By Georgia Kelly
In 2017, the Southern Poverty Law Center published a report, “The Trump Effect,” which detailed the degrading and violent rhetoric that the Trump campaign had unleashed on the American public. The meanness and vitriol extended toward “the other” – that is, anyone who differs in ideas, beliefs, race, gender identification, etc. – makes them fair game for verbal and even physical abuse.
The SPLC survey received more than 25,000 responses from educators in K-12 classrooms across the country. Nine out of ten of those responders had reported an increase in negative behavior following the 2016 election. Some described specific incidents that could be tied directly to election rhetoric. Often, the exact same words Trump or his supporters uttered were repeated in classrooms. They also reported a noticeable uptick in bullying, assaults on students, property damage, racism, sexism, and graffiti that included swastikas.
Such behavior has filtered down to Americans throughout the country, even from those who detest everything about Trump and his more extreme supporters. Examples include increased road rage, more bullying in classrooms and in the workplace, more verbal lashing out among peers, more venom and intolerance in letters to the editor and on Facebook pages, and in general a meanness not seen in my lifetime before now.
When even elected members on the Sonoma City Council think it is OK to demean other council members – on Facebook no less! – or, when some citizens feel free to insult and even threaten council members when the vote doesn’t go their way, we can no longer ignore the toxic effect that this type of behavior is having on all segments of our society. Not one of us is immune to the constant permission this administration is giving for such behavior. The Trump Effect has given license for tantrum behavior, acting before thinking, lashing out without proof, and generally giving cover for angry and uncivilized behavior.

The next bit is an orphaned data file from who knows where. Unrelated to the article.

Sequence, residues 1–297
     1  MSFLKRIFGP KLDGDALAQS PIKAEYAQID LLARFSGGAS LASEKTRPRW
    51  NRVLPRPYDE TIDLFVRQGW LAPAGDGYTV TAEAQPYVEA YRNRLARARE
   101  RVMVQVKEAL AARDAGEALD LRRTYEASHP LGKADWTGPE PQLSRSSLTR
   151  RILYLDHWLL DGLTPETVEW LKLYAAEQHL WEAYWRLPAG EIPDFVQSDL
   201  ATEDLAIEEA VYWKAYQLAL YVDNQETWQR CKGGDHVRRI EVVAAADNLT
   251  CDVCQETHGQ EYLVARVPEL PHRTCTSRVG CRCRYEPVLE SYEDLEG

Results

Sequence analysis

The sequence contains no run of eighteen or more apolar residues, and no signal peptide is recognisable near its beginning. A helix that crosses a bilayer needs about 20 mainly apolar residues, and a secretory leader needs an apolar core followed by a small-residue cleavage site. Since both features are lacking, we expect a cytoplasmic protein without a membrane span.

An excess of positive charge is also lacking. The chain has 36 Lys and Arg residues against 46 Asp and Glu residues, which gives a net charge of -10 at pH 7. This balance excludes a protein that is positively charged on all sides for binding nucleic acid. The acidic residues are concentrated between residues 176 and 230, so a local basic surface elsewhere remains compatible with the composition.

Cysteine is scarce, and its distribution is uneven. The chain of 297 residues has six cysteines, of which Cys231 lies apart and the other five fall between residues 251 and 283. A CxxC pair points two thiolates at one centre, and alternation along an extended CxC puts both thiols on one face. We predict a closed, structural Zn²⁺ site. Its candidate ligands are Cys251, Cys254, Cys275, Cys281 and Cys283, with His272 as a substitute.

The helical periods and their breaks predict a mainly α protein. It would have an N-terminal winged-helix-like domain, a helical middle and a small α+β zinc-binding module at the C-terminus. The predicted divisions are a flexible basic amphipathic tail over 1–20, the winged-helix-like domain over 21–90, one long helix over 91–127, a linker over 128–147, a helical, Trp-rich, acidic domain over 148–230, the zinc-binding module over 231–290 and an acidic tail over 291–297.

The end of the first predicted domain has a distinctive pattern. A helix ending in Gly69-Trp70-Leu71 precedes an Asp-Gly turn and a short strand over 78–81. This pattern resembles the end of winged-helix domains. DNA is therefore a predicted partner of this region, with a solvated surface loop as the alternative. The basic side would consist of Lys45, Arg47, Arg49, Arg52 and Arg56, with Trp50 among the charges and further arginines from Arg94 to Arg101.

So, how about a New Year’s Resolution that puts this behavior to rest. Here are a few ways that we might be able to transform such behavior:
1) Think before you speak.
2) Don’t send that letter, and don’t post that barb on Facebook or Instagram without thinking it over first.
3) If you’re angry, cool off before responding. Acting out is immature, irrational, and indicates a lack of self-control.
4) Resolve to get more control over your emotions.
5) Assume you don’t have the whole truth – about almost anything.
In studying and now teaching conflict resolution, I have been deeply influenced by the work and writings of Jonan Fernandez, the Director of the Basque Parliament’s Department of Coexistence and Human Rights. As he makes clear, resolving conflicts is not about blaming others; it is about accepting responsibility to solve a problem. Sit with that idea for a few minutes. It takes an extraordinary amount of maturity and self-discipline to incorporate that idea. It means that a cause is never more important than respecting the people involved in a conflict. It does not mean respect for their beliefs but respect for the person.
In a culture of strongly-held beliefs and incredible doses of self-righteousness and self-entitlement, we are challenged to work against the toxic tide that would thoroughly poison our relationships and society. So, I’m proposing a New Year’s Resolution that will make the LOVE sculpture on our plaza stand for a transformation of our way of relating to each other. If we make that resolution, then the sculpture should remain as a testament to our resolve to show respect toward others before speaking and acting.